JJP-Cropped-170x220On September 22, Theresa May’s speech in Florence ostensibly outlined a way forward on Brexit. Is the £20bn on offer too much, too little or too late? Are promises to protect the rights of EU citizens in the UK real or merely rhetorical? What will happen next – renewed dialogue with Brussels or a bust-up with Boris and other Brexiteers? Yet in all this hubbub, an important dimension of May’s new discourse has been overlooked: security as a core policy objective, writes Jennifer Jackson-Preece (LSE).

The resurgence of security over and above trade is not what one would expect in a speech purporting to set out the UK’s position on how to move Brexit talks forward. It also stands in stark contrast to the earlier Lancaster House speech. In February 2017, the word security was never spoken at Lancaster House. In September 2017, security was repeated 34 times in Florence, making it the eleventh most frequently used word in May’s speech. In contrast, whereas trade was flagged 39 times in the Lancaster speech – making it the fifth most frequently used word – in the Florence speech, trade got only 24 mentions, dropping to fifteenth place in overall word frequency.

What explains the appearance of a security discourse? That the UK has experienced five terrorist attacks since February is undoubtedly an important factor. This is also a policy area and discursive style in which May is comfortable and confident. The linking of ‘migration and terrorism’, the identification of each as ‘challenges which respect no borders’, the promise to ‘crack down on the evil traffickers’ and the clarion call to ‘fight against terrorism’ – all used in the Florence speech – are rhetorical devices May frequently employed in her long tenure as Home Secretary. This is, of course, also the rhetoric favoured by the Leave campaign in the Brexit referendum. Thus it is hardly surprising that the Leave language of ‘control’ features as the inevitable corollary of ‘threat’: each appears fourteen times in the Florence speech. Neither was mentioned in the Lancaster House speech.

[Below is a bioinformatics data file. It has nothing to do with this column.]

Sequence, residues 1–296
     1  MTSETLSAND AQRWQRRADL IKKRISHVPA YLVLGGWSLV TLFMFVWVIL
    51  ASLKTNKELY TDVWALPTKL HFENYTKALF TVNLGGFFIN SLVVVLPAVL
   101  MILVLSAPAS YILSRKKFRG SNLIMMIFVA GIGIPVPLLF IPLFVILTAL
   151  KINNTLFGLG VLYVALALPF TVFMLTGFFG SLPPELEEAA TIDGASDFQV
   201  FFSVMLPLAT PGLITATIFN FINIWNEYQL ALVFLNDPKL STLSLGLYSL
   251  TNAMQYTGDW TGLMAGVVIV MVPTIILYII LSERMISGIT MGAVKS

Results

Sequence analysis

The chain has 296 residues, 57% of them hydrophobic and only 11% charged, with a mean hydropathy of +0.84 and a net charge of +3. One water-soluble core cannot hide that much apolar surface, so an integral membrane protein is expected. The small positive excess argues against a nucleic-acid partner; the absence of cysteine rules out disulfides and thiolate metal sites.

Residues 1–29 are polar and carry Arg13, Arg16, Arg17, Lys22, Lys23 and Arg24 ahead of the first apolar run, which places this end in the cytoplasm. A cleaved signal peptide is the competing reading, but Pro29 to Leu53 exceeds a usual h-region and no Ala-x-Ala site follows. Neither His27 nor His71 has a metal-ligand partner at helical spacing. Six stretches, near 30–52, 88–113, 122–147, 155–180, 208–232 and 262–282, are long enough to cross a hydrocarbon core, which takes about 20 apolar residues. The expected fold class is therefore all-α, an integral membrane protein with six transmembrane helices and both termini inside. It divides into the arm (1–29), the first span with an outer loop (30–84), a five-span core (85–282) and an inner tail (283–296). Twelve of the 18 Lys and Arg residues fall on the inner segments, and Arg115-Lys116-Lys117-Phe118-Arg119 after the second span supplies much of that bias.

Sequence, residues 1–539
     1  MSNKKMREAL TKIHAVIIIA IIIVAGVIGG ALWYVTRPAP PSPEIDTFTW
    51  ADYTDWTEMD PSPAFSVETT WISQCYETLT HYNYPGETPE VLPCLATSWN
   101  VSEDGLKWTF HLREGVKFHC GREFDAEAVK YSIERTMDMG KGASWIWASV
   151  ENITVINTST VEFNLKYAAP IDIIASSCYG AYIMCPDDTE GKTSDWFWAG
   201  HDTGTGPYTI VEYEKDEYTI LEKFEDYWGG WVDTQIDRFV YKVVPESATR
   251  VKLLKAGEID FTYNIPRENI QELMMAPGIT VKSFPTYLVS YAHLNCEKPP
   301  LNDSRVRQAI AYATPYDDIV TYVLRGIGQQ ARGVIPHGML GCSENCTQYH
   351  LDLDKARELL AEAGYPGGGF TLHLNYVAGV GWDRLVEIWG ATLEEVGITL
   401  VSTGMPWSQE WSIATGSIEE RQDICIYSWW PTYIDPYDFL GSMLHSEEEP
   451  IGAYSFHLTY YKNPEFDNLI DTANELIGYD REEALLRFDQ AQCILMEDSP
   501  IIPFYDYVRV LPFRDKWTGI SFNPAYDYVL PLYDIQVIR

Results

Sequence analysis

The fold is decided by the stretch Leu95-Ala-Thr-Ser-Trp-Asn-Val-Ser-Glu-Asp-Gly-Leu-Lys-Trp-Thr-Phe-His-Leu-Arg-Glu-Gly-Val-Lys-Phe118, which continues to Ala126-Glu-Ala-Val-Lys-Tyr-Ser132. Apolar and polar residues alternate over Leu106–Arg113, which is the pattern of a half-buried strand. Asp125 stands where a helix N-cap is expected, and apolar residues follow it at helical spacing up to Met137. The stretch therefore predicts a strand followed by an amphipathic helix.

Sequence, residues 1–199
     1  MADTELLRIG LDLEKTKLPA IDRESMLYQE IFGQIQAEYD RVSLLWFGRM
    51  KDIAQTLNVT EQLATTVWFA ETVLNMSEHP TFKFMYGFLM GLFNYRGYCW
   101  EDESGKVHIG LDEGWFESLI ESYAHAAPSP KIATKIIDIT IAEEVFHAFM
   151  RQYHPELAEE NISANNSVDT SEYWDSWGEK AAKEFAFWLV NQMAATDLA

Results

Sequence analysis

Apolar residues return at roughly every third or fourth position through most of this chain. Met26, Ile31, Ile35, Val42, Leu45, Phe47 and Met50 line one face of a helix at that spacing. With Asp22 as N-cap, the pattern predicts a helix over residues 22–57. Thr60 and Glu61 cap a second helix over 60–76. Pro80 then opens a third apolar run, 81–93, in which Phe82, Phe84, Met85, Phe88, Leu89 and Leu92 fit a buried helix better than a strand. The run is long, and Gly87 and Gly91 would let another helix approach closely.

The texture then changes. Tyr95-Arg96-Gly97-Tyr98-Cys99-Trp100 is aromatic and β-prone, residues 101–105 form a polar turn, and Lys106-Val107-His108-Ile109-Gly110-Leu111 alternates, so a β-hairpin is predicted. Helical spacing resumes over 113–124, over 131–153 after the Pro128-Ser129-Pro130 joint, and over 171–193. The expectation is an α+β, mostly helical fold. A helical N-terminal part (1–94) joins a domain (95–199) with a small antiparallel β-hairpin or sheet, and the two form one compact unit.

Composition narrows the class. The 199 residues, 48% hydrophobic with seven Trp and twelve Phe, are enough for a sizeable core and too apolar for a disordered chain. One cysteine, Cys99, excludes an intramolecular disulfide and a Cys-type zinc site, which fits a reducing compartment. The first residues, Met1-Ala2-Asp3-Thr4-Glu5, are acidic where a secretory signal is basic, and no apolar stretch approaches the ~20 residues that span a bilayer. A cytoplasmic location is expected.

Florence speech bubble

What then are we to make of May’s vision for the future? Is the new UK-EU partnership to be based on a deep mutual fear – of migration, terrorism trafficking, climate change, nuclear proliferation, territorial aggression, instability, civil war – all are purposefully invoked in the Florence speech. Clearly UK – EU security cooperation is a common interest and should be maintained post-Brexit. But surely a future partnership, particularly one intended to embrace ‘new thinking and new possibilities’ to ‘forge a better, brighter future for all our peoples’ should be built on more than fear and desire for greater domestic control?

Lancaster House speech bubble

More fundamentally, by reinforcing the language of (in)security, May risks securitising the future relationship with the EU itself. Europe has long been imagined in the U.K. as the bogeyman of Britain – a continent of war, despotism, democratic deficit, mass migration, human traffickers, and terrorists. Eurosceptics who draw upon this securitised discourse do so to construct Europe and the European Union as an existential threat to British sovereignty and society. Britain’s decision to leave the European Union was in no small part a consequence of the securitisation of Europe in British public discourse. Return to the discourse of security now is unlikely to produce a constructive dialogue. If it fans the flames of a renewed Euroscepticism in the Conservative Party and the popular press, May could find herself back on the cliff edge.

May risks securitising the future relationship with the EU

Now, more than ever, we need a discourse of constructive engagement. This makes projects like Generation Brexit particularly timely and important. Generation Brexit is a pan-European, multilingual youth consultation on The future of UK-EU relations. If you are under 35, and want a future UK – EU relationship built on something other than mutual fear, go to www.generationbrexit.org.

This blog represents the views of the author and not those of LSE Brexit blog, nor the LSE.

Dr Jennifer Jackson-Preece is Deputy Head of the European Institute and Associate Professor of Nationalism, with a joint appointment in both the European Institute and the Department of International Relations, LSE.

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